Friday, August 14, 2015


The study of Art History is basically a survey of Golden Ages, how they arose, flourished and eventually declined. First, there’s a lively Archaic Period, crude and experimental but full of vitality, then comes perfection, the so-called “Golden Age,” refined and technically flawless. And then comes a period of decay marked by excessive emotionality combined with a lack of structural cohesiveness. It looks like I’ve recently been going through a similar cycle, only mine is taking weeks instead of centuries.

In my last post, I showed you my paper plate interpretations of Greek Black Figure vases (the Archaic Period.) They’re strong and expressive and I like them a lot, the way I’m crazy about Greek Black Figure pots. The next phase, which I worked on all last week is my “Red Figure” ware, the so-called peak period (except my red is tan wrapping paper, not red clay), more refined but (to me) not as strong or interesting as the shapes in black. Unfortunately, for the past few days, I’ve gone into my Hellenistic phase, a period of decline; my plates have become overly detailed and fussy. My Golden Age of paper plate collage appears to be over. With the Greeks, (as in other cultures that lost their Golden Ages), you could lay the blame on social conditions, foreign conquests, internal upheaval. Sometimes it’s as basic as running out of a key material and not being able to replace it. With me, it’s my short interest span (my artistic ADD).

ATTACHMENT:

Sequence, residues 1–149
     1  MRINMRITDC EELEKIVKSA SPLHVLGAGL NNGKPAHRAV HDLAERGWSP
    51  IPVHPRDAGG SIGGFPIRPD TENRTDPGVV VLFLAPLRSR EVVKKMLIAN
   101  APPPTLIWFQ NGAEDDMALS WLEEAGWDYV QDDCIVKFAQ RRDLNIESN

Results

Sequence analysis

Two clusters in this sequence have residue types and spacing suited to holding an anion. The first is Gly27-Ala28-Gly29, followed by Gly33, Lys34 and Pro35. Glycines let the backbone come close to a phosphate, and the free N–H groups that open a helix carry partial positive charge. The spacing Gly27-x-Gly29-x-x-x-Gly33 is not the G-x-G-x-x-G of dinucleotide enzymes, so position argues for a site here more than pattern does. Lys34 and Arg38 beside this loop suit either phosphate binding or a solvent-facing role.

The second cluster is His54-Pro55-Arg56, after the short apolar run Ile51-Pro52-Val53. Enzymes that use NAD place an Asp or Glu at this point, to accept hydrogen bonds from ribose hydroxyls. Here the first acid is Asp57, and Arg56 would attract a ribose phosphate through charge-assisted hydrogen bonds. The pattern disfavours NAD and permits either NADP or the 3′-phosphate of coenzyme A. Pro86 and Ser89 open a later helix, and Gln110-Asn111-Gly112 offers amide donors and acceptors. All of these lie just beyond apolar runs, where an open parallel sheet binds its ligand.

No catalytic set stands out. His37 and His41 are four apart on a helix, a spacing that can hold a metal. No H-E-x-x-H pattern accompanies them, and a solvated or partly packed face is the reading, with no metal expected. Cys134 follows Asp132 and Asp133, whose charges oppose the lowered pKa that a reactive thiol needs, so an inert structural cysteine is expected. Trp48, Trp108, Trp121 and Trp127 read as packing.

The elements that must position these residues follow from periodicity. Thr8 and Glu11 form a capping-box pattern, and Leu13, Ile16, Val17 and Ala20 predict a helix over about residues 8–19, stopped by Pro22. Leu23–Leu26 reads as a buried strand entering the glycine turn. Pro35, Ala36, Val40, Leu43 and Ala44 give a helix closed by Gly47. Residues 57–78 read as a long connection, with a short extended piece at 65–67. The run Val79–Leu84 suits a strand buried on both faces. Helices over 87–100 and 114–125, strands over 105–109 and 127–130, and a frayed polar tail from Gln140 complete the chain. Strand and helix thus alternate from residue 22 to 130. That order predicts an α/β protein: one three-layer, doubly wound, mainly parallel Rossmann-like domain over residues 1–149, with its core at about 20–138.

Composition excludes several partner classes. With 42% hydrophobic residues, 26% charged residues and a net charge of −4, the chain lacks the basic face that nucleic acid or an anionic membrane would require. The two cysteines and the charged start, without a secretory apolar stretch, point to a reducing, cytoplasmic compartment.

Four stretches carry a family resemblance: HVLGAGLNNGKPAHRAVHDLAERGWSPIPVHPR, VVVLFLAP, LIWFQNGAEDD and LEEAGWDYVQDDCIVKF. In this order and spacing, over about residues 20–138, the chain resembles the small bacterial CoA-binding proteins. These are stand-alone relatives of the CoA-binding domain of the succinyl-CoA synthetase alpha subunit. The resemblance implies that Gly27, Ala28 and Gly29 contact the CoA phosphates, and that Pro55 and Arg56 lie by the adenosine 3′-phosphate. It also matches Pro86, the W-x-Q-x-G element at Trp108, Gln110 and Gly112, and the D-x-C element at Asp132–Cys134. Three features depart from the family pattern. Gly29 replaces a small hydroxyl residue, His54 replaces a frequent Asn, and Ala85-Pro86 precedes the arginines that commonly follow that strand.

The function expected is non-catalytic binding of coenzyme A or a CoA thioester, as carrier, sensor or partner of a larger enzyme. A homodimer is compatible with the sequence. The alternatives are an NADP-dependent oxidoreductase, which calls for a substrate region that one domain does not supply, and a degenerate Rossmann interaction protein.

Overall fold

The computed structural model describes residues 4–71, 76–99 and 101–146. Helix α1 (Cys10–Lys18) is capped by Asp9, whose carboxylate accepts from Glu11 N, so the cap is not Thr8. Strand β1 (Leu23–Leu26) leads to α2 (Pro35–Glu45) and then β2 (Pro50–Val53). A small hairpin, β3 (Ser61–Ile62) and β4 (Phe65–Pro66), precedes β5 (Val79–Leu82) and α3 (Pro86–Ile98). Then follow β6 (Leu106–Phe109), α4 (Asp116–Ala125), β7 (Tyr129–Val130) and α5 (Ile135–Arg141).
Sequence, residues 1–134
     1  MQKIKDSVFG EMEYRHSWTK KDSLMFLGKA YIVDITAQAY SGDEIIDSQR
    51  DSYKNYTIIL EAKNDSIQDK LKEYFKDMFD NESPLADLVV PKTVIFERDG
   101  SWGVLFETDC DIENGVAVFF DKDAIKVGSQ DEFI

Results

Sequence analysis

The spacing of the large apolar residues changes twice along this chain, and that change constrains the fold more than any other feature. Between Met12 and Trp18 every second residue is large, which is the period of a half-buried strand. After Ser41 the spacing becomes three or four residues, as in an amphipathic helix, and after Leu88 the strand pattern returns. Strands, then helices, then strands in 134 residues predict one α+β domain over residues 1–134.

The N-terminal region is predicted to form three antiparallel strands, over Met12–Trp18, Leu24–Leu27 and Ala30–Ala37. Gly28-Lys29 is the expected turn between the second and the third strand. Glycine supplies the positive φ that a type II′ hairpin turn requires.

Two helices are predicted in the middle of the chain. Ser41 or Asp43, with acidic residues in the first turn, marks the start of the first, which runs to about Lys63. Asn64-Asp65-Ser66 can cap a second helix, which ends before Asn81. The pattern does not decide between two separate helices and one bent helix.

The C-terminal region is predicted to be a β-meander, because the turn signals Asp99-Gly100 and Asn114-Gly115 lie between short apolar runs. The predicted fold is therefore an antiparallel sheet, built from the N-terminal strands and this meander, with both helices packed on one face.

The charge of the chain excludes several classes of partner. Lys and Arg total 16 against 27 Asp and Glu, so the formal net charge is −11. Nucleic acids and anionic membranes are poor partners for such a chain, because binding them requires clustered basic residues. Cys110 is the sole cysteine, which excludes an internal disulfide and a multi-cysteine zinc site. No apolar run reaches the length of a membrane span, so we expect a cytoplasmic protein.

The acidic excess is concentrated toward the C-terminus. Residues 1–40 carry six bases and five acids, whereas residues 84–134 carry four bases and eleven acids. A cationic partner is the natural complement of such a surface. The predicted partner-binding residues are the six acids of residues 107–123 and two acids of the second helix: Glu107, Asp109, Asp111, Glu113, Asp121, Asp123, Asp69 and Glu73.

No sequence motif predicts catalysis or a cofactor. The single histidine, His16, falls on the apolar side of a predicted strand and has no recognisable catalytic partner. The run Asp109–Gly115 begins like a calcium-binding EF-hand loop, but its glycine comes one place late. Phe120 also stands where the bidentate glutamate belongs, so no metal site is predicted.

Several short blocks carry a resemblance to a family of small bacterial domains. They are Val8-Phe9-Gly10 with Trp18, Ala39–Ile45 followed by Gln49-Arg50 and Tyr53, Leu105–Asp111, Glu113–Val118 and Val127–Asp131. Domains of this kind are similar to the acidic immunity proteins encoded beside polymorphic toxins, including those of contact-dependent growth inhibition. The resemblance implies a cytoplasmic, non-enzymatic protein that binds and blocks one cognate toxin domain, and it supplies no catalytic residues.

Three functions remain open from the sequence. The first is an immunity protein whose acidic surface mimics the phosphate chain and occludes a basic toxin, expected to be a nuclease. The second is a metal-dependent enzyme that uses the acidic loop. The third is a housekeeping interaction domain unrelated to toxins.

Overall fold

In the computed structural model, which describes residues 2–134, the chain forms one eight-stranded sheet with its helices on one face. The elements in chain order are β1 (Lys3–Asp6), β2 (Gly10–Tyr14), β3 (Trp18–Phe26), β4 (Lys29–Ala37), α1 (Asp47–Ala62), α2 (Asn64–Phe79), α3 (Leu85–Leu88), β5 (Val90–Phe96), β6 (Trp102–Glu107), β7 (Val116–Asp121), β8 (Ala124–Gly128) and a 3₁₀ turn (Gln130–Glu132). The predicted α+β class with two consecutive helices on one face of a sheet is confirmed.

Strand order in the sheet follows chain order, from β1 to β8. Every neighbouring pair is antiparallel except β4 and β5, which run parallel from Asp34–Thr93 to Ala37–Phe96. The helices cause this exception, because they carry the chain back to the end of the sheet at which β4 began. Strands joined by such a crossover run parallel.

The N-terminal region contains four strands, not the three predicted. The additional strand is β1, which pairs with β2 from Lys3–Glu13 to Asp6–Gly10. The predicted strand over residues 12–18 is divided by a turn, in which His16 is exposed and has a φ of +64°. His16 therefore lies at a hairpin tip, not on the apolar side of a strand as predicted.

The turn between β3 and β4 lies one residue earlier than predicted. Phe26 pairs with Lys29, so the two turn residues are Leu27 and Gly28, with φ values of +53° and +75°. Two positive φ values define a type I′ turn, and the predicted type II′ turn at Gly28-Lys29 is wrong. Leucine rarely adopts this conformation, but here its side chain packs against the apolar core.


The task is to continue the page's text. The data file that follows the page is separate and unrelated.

Oh well, nothing lasts forever, even well-designed paper plates.

Which brings me to my next topic: how my long and sometimes illustrious career  as an artist, appears to follow the same pattern: exploration, culmination,  decline. What set me thinking about this was a DVD my friend, Brian O’Neill recently sent me of an interview he had taped at a retrospective exhibit I was having at the Loft Artist’s Gallery on Canal Street many years ago. Brian and I walked around the gallery and he questioned me about the work. The show had been curated by two artist friends,  Lina Morielli and  Sandy Garnett, whose opinion I valued.; they had gone up to my attic, sifted through stacks of paintings and came up with about twenty pieces. I didn’t like everything they chose, but they were in charge and I wisely went along with their decisions.

Which brings me back to my Golden Age theory. Whenever I start a new body of work, there’s a period of experimentation with a lot of trial and error; not everything succeeds. Then there’s the peak period when my style and message come together and the work just flows. Unfortunately, my Golden Ages never last: they get cut off by one of life’s unavoidable catastrophes or I simply get bored; the boredom shows and it’s time to move on. That’s one of the problems successful artists have (not me); they get locked into a marketable style and even if they want to move on, their dealers won’t let them. The work my two friends chose was (to me) all over the lot: experimental, peak period and “late” (my Hellenistic phase). Fortunately, I  don’t think anyone viewing the show knew the difference.

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